Ohio State First to Implant Newly-Approved Wireless Heart Failure Monitor
Jun 9, 2014 - 9:53:13 AM
Dr. William Abraham, director of the Division of Cardiovascular Medicine at Ohio State's Wexner Medical Center, has devoted 20 years of his career to researching hemodynamic monitoring. He was the national co-principal investigator on the clinical trials of the new device with Dr. Philip B. Adamson at the Oklahoma Heart Hospital Research Foundation, which is also planning its first implant for today.
"I consider this to be the first major breakthrough in heart failure management in more than a decade," Abraham said. "For the first time, cardiologists can directly manage a patient's pulmonary pressures rather than managing their symptoms or weight gain."
The CardioMEMS HF system is approved for people with moderate (NYHA class III) heart failure who have had hospitalizations within the last year. About the size of a large paper clip, the device is implanted into the pulmonary artery using a simple catheter-based procedure. It takes real-time measurements of pulmonary artery pressure and transmits them to a secure website where doctors can review the data and make medication adjustments, if needed.
"An increase in pulmonary artery pressure is the most direct sign of congestion," Abraham said. "By identifying these elevated pressures early, we can treat patients before they get sick and avoid episodes that lead to repeated hospitalizations."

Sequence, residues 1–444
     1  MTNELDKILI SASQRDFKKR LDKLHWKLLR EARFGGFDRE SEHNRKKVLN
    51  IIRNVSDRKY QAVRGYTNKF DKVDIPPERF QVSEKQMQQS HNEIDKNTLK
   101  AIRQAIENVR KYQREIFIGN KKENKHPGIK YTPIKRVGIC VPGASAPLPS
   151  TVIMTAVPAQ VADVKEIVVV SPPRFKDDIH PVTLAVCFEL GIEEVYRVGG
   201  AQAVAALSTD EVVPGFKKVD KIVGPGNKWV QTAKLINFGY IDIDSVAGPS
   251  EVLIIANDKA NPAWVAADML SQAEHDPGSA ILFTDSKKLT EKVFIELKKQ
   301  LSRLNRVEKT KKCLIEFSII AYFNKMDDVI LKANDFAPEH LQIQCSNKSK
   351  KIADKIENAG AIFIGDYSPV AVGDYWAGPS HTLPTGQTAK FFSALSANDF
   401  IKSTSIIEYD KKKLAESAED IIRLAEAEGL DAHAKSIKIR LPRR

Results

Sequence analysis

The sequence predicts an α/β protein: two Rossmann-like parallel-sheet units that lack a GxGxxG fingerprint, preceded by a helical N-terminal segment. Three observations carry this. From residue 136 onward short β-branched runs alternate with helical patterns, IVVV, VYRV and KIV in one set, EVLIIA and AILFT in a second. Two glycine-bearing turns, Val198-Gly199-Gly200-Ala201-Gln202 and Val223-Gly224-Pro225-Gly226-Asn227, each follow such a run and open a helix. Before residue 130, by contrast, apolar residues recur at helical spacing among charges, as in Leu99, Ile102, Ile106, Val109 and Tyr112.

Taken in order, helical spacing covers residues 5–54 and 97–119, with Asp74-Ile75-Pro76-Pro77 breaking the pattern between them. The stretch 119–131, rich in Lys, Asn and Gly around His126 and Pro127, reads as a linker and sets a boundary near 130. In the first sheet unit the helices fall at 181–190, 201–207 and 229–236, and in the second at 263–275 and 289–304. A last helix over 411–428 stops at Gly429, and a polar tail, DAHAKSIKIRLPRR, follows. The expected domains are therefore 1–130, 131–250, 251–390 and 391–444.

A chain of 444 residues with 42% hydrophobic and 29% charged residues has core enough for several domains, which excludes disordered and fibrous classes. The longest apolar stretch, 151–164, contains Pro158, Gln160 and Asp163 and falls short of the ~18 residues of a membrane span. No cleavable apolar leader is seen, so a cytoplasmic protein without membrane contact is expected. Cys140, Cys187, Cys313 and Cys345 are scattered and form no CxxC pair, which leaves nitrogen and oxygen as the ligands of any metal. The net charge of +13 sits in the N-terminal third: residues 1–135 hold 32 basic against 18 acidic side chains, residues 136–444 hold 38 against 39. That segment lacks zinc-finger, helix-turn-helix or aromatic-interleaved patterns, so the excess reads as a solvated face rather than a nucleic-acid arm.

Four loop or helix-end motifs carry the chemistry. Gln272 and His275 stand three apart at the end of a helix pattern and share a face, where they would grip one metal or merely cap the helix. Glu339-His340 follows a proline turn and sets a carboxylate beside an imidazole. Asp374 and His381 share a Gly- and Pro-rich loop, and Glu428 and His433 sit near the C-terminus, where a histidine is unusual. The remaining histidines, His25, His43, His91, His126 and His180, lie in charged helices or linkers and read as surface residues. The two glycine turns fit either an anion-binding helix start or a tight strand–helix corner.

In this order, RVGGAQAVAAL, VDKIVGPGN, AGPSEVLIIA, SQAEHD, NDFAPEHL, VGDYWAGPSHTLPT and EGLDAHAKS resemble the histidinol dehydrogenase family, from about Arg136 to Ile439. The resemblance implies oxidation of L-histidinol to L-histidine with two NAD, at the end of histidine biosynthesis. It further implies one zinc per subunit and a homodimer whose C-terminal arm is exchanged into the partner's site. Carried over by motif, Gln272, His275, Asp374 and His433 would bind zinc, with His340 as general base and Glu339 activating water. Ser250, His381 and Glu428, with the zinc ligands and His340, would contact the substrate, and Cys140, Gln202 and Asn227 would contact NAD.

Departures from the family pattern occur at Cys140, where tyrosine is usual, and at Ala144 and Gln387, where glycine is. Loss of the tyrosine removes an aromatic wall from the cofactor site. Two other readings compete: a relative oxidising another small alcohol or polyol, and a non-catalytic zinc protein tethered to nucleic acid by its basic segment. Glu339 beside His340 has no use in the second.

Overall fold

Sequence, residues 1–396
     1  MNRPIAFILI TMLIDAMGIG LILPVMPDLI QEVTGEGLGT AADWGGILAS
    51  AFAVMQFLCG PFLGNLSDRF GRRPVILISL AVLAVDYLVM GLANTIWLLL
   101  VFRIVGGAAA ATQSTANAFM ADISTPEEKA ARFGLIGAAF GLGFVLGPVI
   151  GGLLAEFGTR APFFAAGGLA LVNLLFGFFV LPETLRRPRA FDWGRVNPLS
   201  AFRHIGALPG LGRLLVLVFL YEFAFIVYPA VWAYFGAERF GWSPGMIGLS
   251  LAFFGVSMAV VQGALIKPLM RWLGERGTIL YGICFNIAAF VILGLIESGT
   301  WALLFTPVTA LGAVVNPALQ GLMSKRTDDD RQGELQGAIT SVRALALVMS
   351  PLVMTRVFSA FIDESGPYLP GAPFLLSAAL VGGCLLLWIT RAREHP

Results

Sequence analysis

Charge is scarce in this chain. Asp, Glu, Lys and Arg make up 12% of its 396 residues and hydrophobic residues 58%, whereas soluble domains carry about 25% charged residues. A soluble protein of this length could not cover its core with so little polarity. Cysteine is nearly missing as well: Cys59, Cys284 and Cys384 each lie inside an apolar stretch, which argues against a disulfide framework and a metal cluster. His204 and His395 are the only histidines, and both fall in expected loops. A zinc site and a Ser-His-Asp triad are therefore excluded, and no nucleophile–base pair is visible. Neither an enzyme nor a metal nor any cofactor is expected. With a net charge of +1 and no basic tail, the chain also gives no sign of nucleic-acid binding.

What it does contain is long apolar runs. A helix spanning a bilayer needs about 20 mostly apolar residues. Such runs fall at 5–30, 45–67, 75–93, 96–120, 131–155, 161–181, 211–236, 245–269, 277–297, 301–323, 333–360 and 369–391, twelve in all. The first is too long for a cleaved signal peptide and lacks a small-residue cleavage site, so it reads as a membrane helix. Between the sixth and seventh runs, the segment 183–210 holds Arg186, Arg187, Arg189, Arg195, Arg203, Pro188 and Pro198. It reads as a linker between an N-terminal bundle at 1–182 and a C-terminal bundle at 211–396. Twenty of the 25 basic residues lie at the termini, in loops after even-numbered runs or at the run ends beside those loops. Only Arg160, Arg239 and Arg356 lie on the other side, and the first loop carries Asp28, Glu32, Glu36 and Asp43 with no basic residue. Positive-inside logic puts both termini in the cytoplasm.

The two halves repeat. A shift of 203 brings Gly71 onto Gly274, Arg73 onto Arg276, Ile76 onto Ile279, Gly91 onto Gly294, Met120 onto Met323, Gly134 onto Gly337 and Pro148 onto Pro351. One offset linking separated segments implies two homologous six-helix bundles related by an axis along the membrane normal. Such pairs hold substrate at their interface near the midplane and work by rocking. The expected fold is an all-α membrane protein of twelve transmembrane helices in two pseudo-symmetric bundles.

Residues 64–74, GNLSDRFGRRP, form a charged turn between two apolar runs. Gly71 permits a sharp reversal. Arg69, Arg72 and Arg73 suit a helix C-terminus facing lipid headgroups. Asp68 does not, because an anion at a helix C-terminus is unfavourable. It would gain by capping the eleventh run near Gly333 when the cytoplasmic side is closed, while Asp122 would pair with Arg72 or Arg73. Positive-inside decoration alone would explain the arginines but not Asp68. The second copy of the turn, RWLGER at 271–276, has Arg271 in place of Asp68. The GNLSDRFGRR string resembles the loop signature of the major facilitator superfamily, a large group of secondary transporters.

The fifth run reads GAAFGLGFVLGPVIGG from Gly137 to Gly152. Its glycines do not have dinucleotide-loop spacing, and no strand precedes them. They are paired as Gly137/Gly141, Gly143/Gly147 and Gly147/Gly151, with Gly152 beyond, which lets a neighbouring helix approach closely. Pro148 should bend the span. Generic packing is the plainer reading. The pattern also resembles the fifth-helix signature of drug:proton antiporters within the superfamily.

Results from studies show the monitor has reduced hospital readmissions by 37 percent, when compared to standard care. The study also determined the device to be safe and cost-effective, with implant procedures costing approximately $15,000 or roughly the same cost as one average hospitalization for heart failure.
Nearly 5 million Americans have heart failure and it's often under recognized. Symptoms can be mistaken for normal signs of aging. They include: shortness of breath, even during mild activity; difficulty breathing when lying down; weight gain with swelling in the legs and ankles from fluid retention; fatigue and weakness.
Dr. Ayesha Hasan, director of the cardiac transplant program at Ohio State's Richard M. Ross Heart Hospital, was the lead principal investigator at Ohio State and did today's implant procedure.
"I've seen several patients in the clinical trials go from numerous hospitalizations down to zero. Now with federal approval, we're excited that many more people with heart failure can have the monitor and a better quality of life," Hasan said.
Next, Abraham says he is planning follow-up studies to evaluate the long-term effects of the monitoring system.
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